Back in 1906 the magazine One & All Gardening described itself as “A popular annual for amateurs, allotment holders and working gardeners” and included monthly advice re what to do and when in a cottage garden. We decided to share this with you each month, some of the gardening advice remains valid today and other advice is simply interesting, we hope!
“Take up and store late potatoes, carefully sorting and picking them over before pitting. Plant the potato grounds with coleworts and cabbages and sow a good breadth of Green Top Stone turnip for winter. Earth up celery and see that onions are stored in sound condition and dry.
Give the garden a complete and general clean-up as soon as clear and manure and dig all vacant ground.
Trim hedges, scour ditches, edge grass walks and put all decomposable matter in the piggery or on the dunghill.
Gather all late apples and pears carefully and store in a cool outhouse. When apples are very prolific the winter sorts keep well stored in the earth in small pits, like potatoes, covered over with a layer of straw and earth in the same way. Walnuts may be kept as sound and sweet as when gathered till March in the same way and then sold at four times what they will fetch when there is a glut of them in the autumn.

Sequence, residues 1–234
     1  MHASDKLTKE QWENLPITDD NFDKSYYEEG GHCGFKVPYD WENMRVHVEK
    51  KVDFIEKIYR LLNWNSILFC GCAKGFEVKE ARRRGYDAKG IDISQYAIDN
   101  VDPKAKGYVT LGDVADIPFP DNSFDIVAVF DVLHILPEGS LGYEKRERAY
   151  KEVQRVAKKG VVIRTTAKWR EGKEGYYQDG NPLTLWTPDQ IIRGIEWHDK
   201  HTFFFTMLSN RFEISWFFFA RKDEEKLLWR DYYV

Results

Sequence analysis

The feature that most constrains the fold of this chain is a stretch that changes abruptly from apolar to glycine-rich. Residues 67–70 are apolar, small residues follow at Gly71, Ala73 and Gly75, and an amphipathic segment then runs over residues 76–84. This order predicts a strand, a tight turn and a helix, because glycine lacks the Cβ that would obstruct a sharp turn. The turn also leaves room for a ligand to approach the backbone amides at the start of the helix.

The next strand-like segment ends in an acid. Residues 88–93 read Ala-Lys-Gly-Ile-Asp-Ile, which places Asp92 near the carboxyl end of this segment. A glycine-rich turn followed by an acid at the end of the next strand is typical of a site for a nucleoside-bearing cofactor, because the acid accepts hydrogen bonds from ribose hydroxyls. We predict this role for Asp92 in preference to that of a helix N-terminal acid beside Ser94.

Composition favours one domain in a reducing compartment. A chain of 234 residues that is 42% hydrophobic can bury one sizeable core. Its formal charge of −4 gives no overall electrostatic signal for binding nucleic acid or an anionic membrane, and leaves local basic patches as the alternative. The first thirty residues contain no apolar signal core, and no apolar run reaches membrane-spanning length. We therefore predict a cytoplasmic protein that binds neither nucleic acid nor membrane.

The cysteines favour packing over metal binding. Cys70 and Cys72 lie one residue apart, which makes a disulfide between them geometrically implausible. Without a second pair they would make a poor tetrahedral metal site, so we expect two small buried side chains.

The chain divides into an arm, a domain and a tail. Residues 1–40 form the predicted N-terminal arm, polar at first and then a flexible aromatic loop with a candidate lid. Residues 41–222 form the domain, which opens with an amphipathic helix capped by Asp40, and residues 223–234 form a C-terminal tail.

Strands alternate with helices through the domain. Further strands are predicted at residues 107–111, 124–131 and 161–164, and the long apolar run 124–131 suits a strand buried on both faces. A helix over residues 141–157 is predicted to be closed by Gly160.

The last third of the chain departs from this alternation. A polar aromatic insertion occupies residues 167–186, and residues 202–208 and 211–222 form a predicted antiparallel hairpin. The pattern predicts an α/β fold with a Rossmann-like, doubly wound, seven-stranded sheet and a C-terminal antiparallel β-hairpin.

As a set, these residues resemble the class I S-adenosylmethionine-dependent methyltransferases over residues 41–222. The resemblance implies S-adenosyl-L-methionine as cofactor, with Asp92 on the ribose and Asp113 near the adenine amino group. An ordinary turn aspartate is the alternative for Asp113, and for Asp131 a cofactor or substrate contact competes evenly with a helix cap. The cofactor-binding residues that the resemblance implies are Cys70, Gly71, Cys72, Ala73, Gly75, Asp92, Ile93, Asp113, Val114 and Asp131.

Clear all flower beds and borders, trim the roses, vines and fruit trees on the cottage as soon as the fruits are gathered; plant a few bulbs and spring plants in the beds and borders around the house; clean paths and yard so as to give everything a cared for look. Rearrange the plants in the window and begin by thorough cleansing the latter. The wasps, flies and gnats have made a terrible mess of the glass during the harvest and now this is over and the cleaning complete, the window garden should be set in order for the winter and a start made with a clean window.
The Fruit Garden – As the crops reach maturity and the season of growth draws to a close, the best opportunities for root pruning, the removal of exhausted and worn-out trees, the re-forming of fruit tree borders, and replanting of the same are all at hand.”
So come on, who knows what a colewort is?